We all know that millennials are tech savvy, diverse and highly motivated when it comes to advancing their professional careers. But did you know that they're also passionate about social causes?
You are here
The fact that many of us had to overcome significant hurdles as we banged our heads against the glass ceiling doesn’t relieve us of the responsibility to help smooth the path for the women who come after us. If we don’t, how can we expect our male colleagues to do so?
You land your dream job and your first team assignment includes colleagues from China, England and the United States. Do you have what it takes to effectively collaborate with people who may look, act and think differently from you? If not, says Bentley University’s Katherine Lampley, your dream job may not last long.
Bentley’s PreparedU research study outlined a number of possible solutions to help millennials, higher education faculty and staff, and business leaders better meet one another’s needs. What does that mean in practical terms for college-age millennials? We asked a panel of experts from Boston-area schools.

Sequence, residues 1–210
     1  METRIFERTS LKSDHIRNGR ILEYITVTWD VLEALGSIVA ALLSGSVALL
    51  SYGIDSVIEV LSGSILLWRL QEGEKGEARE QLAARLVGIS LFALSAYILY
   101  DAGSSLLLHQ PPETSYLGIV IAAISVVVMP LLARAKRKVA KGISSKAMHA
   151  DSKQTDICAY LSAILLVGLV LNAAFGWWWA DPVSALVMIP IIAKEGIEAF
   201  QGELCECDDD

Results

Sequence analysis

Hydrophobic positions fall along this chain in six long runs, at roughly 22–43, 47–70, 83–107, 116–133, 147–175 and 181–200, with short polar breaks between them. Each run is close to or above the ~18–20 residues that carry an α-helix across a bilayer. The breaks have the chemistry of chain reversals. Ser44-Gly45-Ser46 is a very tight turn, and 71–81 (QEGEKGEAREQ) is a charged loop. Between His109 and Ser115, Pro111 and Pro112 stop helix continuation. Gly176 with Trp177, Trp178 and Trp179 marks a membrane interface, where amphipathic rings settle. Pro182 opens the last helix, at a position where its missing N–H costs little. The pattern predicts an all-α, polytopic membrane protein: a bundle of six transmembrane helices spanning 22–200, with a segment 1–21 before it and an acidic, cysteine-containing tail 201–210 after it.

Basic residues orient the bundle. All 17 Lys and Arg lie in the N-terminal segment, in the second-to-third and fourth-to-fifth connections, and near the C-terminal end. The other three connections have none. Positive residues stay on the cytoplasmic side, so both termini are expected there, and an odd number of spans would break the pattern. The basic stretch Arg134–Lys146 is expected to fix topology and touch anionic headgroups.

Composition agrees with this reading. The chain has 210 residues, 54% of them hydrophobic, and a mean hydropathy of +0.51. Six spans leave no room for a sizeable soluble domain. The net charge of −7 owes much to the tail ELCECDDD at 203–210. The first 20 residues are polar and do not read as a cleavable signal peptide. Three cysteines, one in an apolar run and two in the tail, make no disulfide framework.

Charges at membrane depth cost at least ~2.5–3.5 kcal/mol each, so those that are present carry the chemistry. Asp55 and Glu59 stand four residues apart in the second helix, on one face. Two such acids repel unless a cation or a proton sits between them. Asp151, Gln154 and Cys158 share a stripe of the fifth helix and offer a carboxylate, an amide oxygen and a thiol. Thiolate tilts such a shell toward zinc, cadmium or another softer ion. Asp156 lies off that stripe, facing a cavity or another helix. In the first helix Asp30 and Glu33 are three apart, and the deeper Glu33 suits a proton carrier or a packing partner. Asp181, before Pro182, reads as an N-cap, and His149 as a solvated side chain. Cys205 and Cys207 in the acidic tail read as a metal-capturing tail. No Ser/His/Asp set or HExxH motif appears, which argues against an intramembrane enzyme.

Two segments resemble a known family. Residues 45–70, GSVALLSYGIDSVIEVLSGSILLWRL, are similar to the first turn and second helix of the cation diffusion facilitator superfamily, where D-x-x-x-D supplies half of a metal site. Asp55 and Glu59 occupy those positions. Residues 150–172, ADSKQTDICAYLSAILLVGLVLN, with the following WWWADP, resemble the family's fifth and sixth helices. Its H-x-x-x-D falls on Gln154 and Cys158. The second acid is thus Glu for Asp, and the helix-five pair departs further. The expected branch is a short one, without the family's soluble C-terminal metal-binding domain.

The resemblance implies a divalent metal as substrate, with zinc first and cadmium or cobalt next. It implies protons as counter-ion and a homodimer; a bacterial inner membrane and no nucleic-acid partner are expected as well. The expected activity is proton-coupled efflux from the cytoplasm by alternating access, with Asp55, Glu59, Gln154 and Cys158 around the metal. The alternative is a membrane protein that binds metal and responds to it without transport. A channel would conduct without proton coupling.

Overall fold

When Bentley senior Aaron Pinet walked in to a job interview at PricewaterhouseCoopers, the first question he got wasn’t about his grade point average or accounting courses. The conversation starter was his service-learning work: presenting policy-related research on energy literacy to congressmen on Capitol Hill, or developing a financial literacy curriculum for prospective college students.
Higher education has taken a hit lately for not preparing graduates for a successful career. Arguments are flying that graduates walk across the stage with degrees that have left them ill-equipped for today’s complex workplace. In particular, employers are disillusioned by their inability to relate to and manage millennials.